The inhaler does have its place in our lives, though. Carried with us in backpacks, purses, and the car, we always have one ready in case a flare up occurs and the kid begins to cough. More about the cough later.
There is one side effect to Albuterol that must be mentioned.
Albuterol is known to increase heart rate, cause irritability and nervousness. In a child, the behaviors associated with these side effects are what I call “wildness”; extra tantrums, sometimes hitting.
I refer to my kid at this point as the Albuterol monster. She’s still cute, but a bear to handle.
Pulmacort, Flovent, and short course steroids.
Used in combination with Albuterol are steroids called Pulmacort (also known as budesonide), Flovent, and laundry list of other steroid choices administered in the nebulizer and/or inhaler.
Whenever Soph is having a big attack that calls for the use of then nebulizer, we add the Pulmacort up to twice a day.
Daily, we use the Flovent inhaler to keep the lungs open to inhibit the severity of the next attack.
There have been a few instances, however, when the use of the budesonide and Flovent haven’t been enough. In those cases, our pediatrician has prescribed an oral steroid.
Unlike the vaporized forms of these steroids that go directly to the lungs (avoiding the blood stream), oral steroids work by getting into the blood and then hitting the lungs.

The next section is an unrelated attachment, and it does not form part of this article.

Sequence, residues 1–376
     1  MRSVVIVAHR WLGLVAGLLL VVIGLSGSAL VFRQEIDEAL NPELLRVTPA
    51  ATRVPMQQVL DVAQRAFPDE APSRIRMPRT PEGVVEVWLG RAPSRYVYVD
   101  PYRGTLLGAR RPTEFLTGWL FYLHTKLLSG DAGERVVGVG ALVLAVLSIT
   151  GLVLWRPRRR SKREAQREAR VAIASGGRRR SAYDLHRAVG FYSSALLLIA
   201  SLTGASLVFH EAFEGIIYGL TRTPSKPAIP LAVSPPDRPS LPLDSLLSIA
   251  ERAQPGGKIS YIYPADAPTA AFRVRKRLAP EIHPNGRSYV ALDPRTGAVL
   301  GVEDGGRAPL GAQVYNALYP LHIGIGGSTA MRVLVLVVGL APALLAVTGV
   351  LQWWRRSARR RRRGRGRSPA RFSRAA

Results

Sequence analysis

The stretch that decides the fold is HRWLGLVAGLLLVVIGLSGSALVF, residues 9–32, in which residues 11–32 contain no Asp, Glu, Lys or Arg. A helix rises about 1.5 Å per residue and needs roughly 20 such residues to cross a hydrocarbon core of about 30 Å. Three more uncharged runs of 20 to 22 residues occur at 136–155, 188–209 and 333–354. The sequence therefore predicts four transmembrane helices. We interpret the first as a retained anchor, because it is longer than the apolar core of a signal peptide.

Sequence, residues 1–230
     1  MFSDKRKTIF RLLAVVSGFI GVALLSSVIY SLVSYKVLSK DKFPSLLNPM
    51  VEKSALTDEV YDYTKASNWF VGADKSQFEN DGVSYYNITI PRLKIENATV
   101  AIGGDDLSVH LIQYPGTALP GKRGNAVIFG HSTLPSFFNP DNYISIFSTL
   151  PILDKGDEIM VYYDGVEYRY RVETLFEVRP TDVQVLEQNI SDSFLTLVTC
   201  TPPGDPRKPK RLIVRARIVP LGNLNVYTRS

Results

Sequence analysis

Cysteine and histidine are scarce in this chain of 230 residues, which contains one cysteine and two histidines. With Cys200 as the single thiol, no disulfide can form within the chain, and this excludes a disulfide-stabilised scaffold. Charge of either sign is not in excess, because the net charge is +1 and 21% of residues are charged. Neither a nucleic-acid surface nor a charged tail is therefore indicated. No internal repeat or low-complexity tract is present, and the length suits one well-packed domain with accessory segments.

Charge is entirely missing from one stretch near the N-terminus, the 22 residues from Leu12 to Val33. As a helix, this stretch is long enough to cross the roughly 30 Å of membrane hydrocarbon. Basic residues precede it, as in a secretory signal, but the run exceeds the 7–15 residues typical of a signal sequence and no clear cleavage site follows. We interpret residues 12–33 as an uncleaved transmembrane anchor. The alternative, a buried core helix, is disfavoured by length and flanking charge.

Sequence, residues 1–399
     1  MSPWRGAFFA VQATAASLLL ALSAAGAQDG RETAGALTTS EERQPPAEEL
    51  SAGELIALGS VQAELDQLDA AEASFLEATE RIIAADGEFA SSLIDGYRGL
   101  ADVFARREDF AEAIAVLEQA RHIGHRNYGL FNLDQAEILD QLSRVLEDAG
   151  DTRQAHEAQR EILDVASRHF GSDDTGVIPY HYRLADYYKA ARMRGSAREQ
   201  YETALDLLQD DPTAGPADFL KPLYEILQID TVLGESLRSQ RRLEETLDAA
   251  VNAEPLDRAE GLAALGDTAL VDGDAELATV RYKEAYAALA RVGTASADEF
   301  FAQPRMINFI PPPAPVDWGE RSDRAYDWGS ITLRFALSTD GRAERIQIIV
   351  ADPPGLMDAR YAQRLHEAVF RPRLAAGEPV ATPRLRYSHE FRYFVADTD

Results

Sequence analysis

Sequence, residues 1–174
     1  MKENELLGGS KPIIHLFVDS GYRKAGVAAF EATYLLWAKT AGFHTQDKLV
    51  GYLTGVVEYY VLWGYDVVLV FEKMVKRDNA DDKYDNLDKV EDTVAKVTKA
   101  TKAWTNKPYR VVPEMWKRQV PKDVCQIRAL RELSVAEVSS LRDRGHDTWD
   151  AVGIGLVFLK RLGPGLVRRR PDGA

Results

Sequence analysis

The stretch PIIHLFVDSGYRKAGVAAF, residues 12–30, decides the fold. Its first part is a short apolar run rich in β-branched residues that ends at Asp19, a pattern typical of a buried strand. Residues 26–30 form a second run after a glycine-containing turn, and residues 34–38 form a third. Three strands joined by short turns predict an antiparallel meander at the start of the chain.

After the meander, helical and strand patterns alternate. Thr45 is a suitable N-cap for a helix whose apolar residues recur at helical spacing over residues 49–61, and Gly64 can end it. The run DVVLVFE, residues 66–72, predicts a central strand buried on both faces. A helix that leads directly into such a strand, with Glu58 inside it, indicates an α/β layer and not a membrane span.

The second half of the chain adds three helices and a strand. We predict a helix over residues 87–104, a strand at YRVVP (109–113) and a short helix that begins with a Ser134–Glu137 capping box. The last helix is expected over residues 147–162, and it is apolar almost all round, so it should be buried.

There are serious side effects to the use of oral steroids and Sophie’s doctor and I avoid them as much as possible.
You may have heard of the term, “roid rage?” An increase in behavioral problems are one of the reasons that oral steroids are not as quickly prescribed.
Combine an Albuterol monster and a dose of oral steroids?
Hold your breath for the next 5-6 days. Your kid will feel better because they can breathe, but the inability to control emotions or sleep or hunger is really hard. Much harder on them than you.
Why’s your kid always sick?
This is a question I get a lot.
The truth is that my kid isn’t always sick, but when she does catch a virus her asthma always kicks things up a notch.
Having twins has helped me to see this more clearly.
Inevitably, as happens with little people, kids tend to catch each others’ illness. For her sister (Grace), a cold can come and go and she’s back to herself in due time.
For Sophie, the same illness lingers and sends us to the pediatrician to have a lung listen (we’ve been lucky that they’re almost always clear), and a few extra days of missed school.
A few weeks ago, after Grace had long passed the worst of the latest cold, Sophie was still struggling with post nasal drip, which led to lots of coughing.
The Albuterol and Pulmacort weren’t calming things down and I was having to administer the Albuterol more than every four hours during the night.
Needing Albuterol this much is a good clue that it’s time to get to the doctor.
Luckily Sophie’s lungs were clear, but she actually had a double ear infection (without a fever or any complaints).
Sure enough, treating the infection stopped the asthma.